Ironically, it was through a Kingston friend that Hedrick made the connection with her 57th Street gallery. An acquaintance who owned 100 acres in Esopus brought gallery-owner Nohra Haime over for coffee one day, and she and Hedrick instantly became friends. Haime signed Hedrick on in 1997, and Hedrick has been represented by the Nohra Haime Gallery ever since.

Haime sometimes places benches in front of Hedrick’s works, so that people can spend time contemplating them. “There are people who can’t stand still and don’t want to engage. Others engage and find they have these inner experiences they didn’t expect. Art is always about that exchange. If we were to really analyze our inner environments, they’re abstract,” Hedrick said.

Haime also exhibited Hedrick’s work at Art Miami and showed her blue series in Cartagena, Colombia in an “extraordinary space flooded with light off the Caribbean Sea.” Two of Hedrick’s works were recently acquired by the Samuel Dorsky Museum of Art at SUNY-New Paltz. She has designed sets for dance and film and was the subject of a film, Julie of the Spirits, directed by the Venezuelan-born filmmaker Isabel Barton.

On Saturday, June 7, Hedrick and Wetzler will be collaborating on a sound installation at One Mile Gallery, based upon her black-and-white series of paintings. Wetzler will score two poems of Hedrick’s, one inspired by white and the other by black; it’s suggested that visitors be blindfolded, in order to experience “a visual world without eyes,” Hedrick said. Pauline Oliveros will also participate in the event, which is titled “Listen to the Sound of Your Art.” The One Mile Gallery is located at 475 Abeel Street; call (845) 338-2035 for more information.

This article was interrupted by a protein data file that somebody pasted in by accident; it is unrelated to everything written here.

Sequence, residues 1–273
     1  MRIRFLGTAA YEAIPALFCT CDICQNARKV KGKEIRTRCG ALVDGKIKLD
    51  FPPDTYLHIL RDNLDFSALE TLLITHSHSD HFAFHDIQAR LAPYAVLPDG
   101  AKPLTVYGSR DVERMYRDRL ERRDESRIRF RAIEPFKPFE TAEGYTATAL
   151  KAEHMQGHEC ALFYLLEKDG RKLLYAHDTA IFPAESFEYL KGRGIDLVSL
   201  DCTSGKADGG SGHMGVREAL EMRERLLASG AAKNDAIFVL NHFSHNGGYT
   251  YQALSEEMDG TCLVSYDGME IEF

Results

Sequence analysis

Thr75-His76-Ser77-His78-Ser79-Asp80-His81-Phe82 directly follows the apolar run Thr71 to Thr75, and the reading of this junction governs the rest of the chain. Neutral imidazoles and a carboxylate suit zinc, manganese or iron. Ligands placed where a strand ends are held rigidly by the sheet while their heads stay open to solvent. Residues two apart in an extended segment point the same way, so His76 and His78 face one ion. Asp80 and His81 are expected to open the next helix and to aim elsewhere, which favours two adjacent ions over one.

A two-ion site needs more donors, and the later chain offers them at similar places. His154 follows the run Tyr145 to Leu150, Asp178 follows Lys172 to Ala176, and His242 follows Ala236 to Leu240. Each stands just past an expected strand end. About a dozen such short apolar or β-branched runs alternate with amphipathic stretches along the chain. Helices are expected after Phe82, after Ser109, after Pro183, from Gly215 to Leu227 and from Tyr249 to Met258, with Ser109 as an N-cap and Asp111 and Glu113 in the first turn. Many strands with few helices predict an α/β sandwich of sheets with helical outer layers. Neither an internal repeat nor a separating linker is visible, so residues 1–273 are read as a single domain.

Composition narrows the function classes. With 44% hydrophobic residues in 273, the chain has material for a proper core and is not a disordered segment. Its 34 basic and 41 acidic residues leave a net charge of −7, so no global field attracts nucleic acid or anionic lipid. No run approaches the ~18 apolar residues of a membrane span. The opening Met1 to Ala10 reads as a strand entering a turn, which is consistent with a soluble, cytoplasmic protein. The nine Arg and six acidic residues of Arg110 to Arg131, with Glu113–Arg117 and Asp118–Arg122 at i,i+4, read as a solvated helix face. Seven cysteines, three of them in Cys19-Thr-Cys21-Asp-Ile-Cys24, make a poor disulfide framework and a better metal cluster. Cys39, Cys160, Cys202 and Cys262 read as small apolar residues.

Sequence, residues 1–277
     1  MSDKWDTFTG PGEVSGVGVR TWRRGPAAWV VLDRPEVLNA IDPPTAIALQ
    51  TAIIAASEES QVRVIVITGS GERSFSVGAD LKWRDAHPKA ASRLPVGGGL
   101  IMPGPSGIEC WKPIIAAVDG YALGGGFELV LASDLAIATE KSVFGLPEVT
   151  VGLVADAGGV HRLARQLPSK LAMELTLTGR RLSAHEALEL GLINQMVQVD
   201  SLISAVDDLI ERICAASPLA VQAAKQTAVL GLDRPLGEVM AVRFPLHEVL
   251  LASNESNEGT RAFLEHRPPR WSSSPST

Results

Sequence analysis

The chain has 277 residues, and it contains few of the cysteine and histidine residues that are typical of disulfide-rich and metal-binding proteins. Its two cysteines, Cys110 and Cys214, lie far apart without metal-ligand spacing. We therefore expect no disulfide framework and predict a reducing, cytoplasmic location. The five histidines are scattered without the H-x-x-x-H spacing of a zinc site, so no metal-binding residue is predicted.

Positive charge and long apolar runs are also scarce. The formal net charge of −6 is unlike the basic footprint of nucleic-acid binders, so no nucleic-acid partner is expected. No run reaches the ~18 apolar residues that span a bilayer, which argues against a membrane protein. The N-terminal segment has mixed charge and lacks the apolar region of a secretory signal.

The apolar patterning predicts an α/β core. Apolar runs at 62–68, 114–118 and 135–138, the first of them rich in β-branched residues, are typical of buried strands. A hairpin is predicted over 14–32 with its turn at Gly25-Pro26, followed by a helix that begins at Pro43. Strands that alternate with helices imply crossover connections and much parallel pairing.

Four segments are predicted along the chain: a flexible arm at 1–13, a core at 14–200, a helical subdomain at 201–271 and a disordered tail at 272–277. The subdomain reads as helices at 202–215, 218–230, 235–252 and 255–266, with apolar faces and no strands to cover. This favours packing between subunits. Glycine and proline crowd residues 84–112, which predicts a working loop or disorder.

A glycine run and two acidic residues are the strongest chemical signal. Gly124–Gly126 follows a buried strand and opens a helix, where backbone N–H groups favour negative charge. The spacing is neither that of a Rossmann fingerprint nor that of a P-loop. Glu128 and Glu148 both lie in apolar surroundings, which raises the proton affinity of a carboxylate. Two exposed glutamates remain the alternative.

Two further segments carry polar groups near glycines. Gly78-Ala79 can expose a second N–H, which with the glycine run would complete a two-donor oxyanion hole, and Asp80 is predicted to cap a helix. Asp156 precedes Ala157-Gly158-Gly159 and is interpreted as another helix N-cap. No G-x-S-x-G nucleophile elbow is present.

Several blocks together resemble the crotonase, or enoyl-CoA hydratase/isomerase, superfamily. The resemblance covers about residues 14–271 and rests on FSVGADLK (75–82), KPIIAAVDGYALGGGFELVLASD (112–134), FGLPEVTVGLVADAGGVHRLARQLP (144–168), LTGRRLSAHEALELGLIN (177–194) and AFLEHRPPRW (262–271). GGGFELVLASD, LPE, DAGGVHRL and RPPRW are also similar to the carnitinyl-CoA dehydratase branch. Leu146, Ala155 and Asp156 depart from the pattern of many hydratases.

Hedrick and Wetzler eventually sold off the church portion of their complex, retaining the chapel for themselves, and in 2011, after their kids had left home, they talked about running a bed and breakfast. “I was interested in going away, and Peter was interested in bringing people here,” Hedrick said. “Within an hour of talking about it, somebody booked.”